Real Power and the Cost of Activism

Thabiti Lewis

Author of Ballers of the New School: Race and Sports in America (Third World Press)


University of Missouri coach Gary Pinkel’s announcement that he will retire at the end of this season because of non-Hodgkin Lymphoma help me better understand his support of the players and ignited my greatest fear: there will be repercussions for the Missouri 32. While grassroots organizing and the infection of Black Lives Matter certainly played a significant role in getting Tim Wolfe to resign, the threat of 32 black football players forced its immediate manifestation—the courageous young athletes of the University of Missouri football team are all worthy of an ESPY Award for Courage. In the history of collegiate sport athletes have never acted so swiftly—it was powerful. But what is power?

As I argue in Ballers of the New School: Race and Sports in America, collegiate sport is big business and players (New School Ballers) have enormous untapped power that can force change. And, as sports historian David Zirin has wonderfully pointed out, there is a history dating back to the 1960s of players striking and threatening to strike in the name of diversity demands. But there is also a history of those in power changing the rules, offering token progress, and exacting revenge against those that dare rise up. All of these things scare me as I ponder what is happening and will happen next at the University of Missouri. Soon the real games will begin.

History has also shown us that powerful universities, coaches, and even the NCAA will not go down without a fight. For example, the NCAA lost the Ed O’Bannon (pay players for use of their image) case but they went back to court and got a reversal. And, while black players (who comprise 70% in conferences like the SEC) have historically protested for more black coaches, there are few black head coaches or offensive and defensive coordinators. Sure there are many position coaches, but these positions do not lead to head coach job. It is likely interim University of Missouri president Michael Middleton might be all the diversity the Missouri students can expect.

I raise this concern because many people are not pleased nor feel that justice has been served. There were already two death threats. The blogosphere, where anonymous truth reigns, reveals comments like: “black people are trying to control the administration. This has to stop if America is to have hope of remaining in tact.” Or, “[don’t] allow these people to shout racism against blacks”.

The truth about those with power, without fear of sounding cliché is: “it ain’t over til the fat lady sings” because they are relentless in keeping things from changing.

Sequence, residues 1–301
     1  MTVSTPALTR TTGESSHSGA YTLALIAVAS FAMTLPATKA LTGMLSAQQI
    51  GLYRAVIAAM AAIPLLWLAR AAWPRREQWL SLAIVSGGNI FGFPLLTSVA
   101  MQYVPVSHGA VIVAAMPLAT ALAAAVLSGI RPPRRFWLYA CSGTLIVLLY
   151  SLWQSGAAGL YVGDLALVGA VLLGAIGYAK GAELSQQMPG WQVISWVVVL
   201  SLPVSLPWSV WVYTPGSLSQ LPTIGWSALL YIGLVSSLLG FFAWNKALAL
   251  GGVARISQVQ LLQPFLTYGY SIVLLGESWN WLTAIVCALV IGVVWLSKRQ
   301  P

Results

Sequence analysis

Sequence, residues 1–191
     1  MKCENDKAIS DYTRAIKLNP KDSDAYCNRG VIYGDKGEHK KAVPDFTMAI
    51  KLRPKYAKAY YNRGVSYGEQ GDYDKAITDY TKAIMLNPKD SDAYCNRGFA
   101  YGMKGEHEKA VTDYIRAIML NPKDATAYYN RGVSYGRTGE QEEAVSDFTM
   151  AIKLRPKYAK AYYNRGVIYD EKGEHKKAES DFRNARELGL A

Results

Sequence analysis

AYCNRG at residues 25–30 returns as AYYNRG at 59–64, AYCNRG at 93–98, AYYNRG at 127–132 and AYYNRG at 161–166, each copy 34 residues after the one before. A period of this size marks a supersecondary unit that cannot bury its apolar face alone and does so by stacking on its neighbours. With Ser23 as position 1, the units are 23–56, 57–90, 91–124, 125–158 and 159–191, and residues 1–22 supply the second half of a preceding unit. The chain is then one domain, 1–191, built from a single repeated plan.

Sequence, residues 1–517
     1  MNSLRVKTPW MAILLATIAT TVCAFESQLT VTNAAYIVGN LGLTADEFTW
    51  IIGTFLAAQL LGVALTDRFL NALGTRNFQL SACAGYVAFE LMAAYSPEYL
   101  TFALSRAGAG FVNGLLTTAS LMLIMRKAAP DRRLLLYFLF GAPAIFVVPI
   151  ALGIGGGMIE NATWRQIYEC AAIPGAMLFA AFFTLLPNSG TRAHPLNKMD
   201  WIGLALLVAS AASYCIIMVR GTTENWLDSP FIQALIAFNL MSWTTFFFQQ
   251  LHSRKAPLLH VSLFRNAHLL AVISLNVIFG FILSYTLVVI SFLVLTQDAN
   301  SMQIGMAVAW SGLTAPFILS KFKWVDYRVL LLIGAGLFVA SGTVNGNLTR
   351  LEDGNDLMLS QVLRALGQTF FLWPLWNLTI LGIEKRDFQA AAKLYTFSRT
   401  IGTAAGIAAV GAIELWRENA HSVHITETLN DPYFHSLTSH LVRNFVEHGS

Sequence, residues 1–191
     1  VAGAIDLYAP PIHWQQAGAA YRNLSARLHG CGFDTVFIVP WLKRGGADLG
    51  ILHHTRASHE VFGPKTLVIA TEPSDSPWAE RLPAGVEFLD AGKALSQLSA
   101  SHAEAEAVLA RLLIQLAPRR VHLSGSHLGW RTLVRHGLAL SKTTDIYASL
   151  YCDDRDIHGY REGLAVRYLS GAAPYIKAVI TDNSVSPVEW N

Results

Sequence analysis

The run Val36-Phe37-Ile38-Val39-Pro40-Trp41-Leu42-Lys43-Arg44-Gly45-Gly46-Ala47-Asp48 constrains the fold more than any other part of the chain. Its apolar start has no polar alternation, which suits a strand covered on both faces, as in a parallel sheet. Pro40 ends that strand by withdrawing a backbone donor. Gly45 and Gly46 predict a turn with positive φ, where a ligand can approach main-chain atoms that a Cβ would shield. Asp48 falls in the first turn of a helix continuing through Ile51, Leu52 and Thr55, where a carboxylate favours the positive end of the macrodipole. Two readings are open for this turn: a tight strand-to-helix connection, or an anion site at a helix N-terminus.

Those with power know how to give the feel of change when the essential structures remain the same. Although Tim Wolfe is gone, the networks of power have not been restructured. Also, the governing board that watched Wolfe ignore students and faculty has not changed. Ironically, this same group will likely lead the search for a new president.

Power acts as a type of relation between people, a complex form of strategy, with the ability to secretly shape another’s behavior. On the student level we see white people willing to do the heavy lifting necessary to create change. However not enough of the whites in positions of power have displayed a commitment to altering white cultural imperative in favor of a diverse cultural imperative. Michel Foucault explains that power is a producer of reality, impacting entire networks, practices, the world around us, and how our behavior can be affected: “it produces domains of objects and rituals of truth”.

Here are the moments of truth that will signal true change: (1) Middleton immediately delivers on the list of demands; (2) racially diverse top administrators are hired; (3) the football team hires black offensive and/or defensive coordinators; and (4) in 2017 when Governor Jeremiah Nixon is tasked with selecting three replacements to the governing board he makes racially diverse choices.

African American men are over-represented on university basketball and football teams, but underrepresented as students, presidents, deans, vice presidents, tenured professors, full professors, and Trustees.

Thus, Pinkel’s imminent departure leaves me very concerned for the future of the thirty-two young black men that dared buck the system. I promise you it ain’t over. Soon Pinkel’s declaration that: “The Mizzou Family stands as one. We are united. We are behind our players” will be tested. I predict there will be repercussions for the Missouri 32, who may be asked to get out.

How long before an academic scandal is reported? How long before reports of criminal behavior among football players surfaces? Will the current athletic director make certain that the new coach protects the scholarships that are annually renewable at the discretion of the head coach?

Change is lasting power. Understanding what power is and how power works is key. As long as people in positions to evoke change do not change then power is safe.





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